Michael Bishop (gridiron football)

Last updated

Michael Bishop
Michael Bishop.jpg
Bishop in 2008
No. 7, 16, 17
Position: Quarterback
Personal information
Born: (1976-05-15) May 15, 1976 (age 44)
Galveston, Texas
Height:6 ft 1 in (1.85 m)
Weight:215 lb (98 kg)
Career information
High school:Willis (TX)
College: Kansas State
NFL Draft: 1999  / Round: 7 / Pick: 227
Career history
 * Offseason and/or practice squad member only
Career highlights and awards
Career NFL statistics
Passing yards:80
Passer rating:64.4
Career CFL statistics
Passing yards:11,772
Passer rating:70.7
Player stats at NFL.com  ·  CFL.ca (archive)

Michael Paul Bishop (born May 15, 1976) is a former gridiron football quarterback. He was drafted in the seventh round (227th overall) of the 1999 NFL Draft by the New England Patriots.


Bishop was a member of the CFL's Toronto Argonauts from 2002 to 2008. He also previously played with the National Football League's New England Patriots during the 2000 season and also played in the Arena Football League, most recently with the Grand Rapids Rampage. He was also one of the best college quarterbacks in the country during his career at Kansas State, beating out UCLA's Cade McNown for the 1998 Davey O'Brien Award. Academy Award winning actor Jamie Foxx (Eric Bishop) is Michael Bishop's first cousin.

High school and college football career

High school career

Bishop was an outstanding football and baseball player at Willis High School in Willis, Texas. A two-year starter who averaged 221.2 yards-per-game passing as a senior, he was an All-Montgomery County, all-city and all-state selection in football. In baseball, he was drafted by the Cleveland Indians in the 28th round of the 1995 Major League Baseball Draft.

College career

Blinn Junior College

Bishop initially attended Blinn Junior College in Brenham, Texas where as a freshman, he led the Buccaneers to a 12–0 record and the NJCAA National Championship. He rushed for 387 yards including three scores and passed for 1,712 yards and 18 touchdowns. His sophomore year, he once again led Blinn to a 12–0 record and an NJCAA National Championship. He was voted honorable mention All-Conference and controlled an offense which recorded 3,086 yards rushing, including 47 touchdowns and scored a total of 438 points (36.5 avg. per game). He passed for 972 yards and nine touchdowns, and rushed for 265 yards and four scores. After his two years at Blinn, he played baseball for one season at Independence Community College in Independence, Kansas in the spring of 1997.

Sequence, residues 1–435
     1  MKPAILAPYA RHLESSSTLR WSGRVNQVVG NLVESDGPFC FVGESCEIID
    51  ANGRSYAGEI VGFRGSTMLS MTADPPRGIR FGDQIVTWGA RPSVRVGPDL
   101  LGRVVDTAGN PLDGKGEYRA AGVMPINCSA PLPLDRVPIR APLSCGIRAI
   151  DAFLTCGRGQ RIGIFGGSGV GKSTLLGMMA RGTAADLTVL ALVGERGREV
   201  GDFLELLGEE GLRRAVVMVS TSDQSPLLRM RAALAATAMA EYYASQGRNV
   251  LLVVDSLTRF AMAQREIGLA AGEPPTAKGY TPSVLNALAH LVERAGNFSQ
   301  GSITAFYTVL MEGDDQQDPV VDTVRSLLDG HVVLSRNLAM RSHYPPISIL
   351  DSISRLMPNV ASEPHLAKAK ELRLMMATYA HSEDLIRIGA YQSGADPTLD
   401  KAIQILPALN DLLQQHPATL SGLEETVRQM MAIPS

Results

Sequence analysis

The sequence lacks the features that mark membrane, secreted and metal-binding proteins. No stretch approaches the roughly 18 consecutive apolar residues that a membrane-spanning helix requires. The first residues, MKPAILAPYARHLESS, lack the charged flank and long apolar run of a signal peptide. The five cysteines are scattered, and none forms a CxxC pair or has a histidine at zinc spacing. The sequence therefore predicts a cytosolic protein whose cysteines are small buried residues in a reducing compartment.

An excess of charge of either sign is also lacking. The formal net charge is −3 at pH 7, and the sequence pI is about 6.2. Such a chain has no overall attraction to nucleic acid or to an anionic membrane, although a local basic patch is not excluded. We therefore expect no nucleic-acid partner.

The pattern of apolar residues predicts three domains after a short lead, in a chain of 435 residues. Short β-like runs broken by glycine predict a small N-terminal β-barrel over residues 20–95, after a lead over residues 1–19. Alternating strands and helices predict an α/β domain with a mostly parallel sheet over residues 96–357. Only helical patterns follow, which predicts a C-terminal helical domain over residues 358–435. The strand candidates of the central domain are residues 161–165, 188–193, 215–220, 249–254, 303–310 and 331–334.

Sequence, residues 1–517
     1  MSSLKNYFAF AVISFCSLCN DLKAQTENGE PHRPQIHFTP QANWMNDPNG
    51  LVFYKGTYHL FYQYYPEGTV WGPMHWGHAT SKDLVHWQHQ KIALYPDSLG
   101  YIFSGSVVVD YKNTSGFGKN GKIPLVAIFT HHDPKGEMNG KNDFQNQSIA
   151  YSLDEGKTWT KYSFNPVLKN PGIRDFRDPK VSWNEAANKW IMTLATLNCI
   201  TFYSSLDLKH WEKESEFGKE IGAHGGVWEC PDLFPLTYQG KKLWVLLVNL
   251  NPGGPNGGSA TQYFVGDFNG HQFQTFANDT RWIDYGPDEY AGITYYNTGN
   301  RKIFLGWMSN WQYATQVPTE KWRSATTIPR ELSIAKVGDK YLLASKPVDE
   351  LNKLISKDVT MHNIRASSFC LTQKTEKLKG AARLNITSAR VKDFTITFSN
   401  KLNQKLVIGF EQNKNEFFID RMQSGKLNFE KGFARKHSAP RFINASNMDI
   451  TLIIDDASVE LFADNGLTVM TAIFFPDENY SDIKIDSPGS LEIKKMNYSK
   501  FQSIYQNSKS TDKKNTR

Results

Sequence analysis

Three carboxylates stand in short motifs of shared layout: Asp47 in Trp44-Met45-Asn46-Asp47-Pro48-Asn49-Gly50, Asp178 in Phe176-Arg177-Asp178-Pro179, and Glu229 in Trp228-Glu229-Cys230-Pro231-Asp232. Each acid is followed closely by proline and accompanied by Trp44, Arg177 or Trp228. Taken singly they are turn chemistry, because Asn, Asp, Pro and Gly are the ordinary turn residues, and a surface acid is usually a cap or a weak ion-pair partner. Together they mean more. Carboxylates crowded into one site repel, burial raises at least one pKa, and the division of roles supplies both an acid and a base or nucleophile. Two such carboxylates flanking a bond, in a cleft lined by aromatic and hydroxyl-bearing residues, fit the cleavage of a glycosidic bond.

Kansas State

He was heavily recruited by a number of Division I programs as a defensive back, but decided upon Kansas State University, as head coach Bill Snyder was the only coach to offer Bishop the opportunity to play the quarterback position.

In 1997, his first year at Kansas State, Bishop started all 11 regular season games and completed 80-of-185 passes for 1,557 yards and 13 touchdowns. He also rushed for 556 yards and added nine rushing touchdowns. Bishop was voted second-team All-Big 12 Conference by the league’s coaches and Big 12 Newcomer of the year by Associated Press. During the 1997 season, Kansas State won 11 games including a 1997 Fiesta Bowl victory over Syracuse led by Donovan McNabb by a score of 35–18. Kansas State's only loss in the 1997 season came to the eventual national champion Nebraska Cornhuskers. The loss was the first of only three in Bishop's collegiate career.

In Bishop's senior year, Kansas State was considered a contender for the 1998 National Championship. That year, he broke school season records with 2,844 yards passing and 23 touchdowns with only four interceptions, He led the team with 14 rushing touchdowns and finished second with 748 yards on 177 attempts. He passed for 440 yards and four touchdowns on 23-of-40 passes vs. Northeast Louisiana, his four touchdown passes tying a school record and his 440 passing yards ranking him second in school history. He passed for 306 yards and a pair of touchdowns and rushed 25 times for 140 yards (5.6 avg.) with two scores and was voted Big 12 Offensive Player of the Week as the Wildcats defeated Nebraska for the first time in 30 years. Bishop led the Wildcats to an undefeated regular season and the Big 12 North title, putting Kansas State in 1st place in the ESPN-USA Today Coaches poll [1] and 2nd in the Associated Press media poll. [2] Just two weeks later, the Wildcats' national championship dreams were put to an end. In the 1998 Big 12 Championship Game on December 5, 1998, Kansas State lost in double overtime to No. 10 Texas A&M team 36–33. Bishop ran for one touchdown in the game and threw for two more scores.

Bishop started in all 25 games (including bowl games) during his two seasons at Kansas State and posted a 22–3 (.880) record. He received 792 votes, including 41 first place votes, but finished second in the 1998 Heisman Trophy voting to Ricky Williams. He finished his Wildcat career fourth on the all-time passing list with 4,401 yards and broke Chad May’s career record with 36 touchdown passes despite playing only two seasons. He ranks second behind Lynn Dickey in Kansas State history with 5,715 yards of total offense. Also established a Kansas State record with 59 total touchdowns (rushing and passing). After his senior season, he was voted a consensus All-American and All-Big 12 Conference selection and was named the Big 12 Offensive Player of the Year.

The Wildcats finished ranked third in the BCS, and lost in the Alamo Bowl to Purdue, 37–34.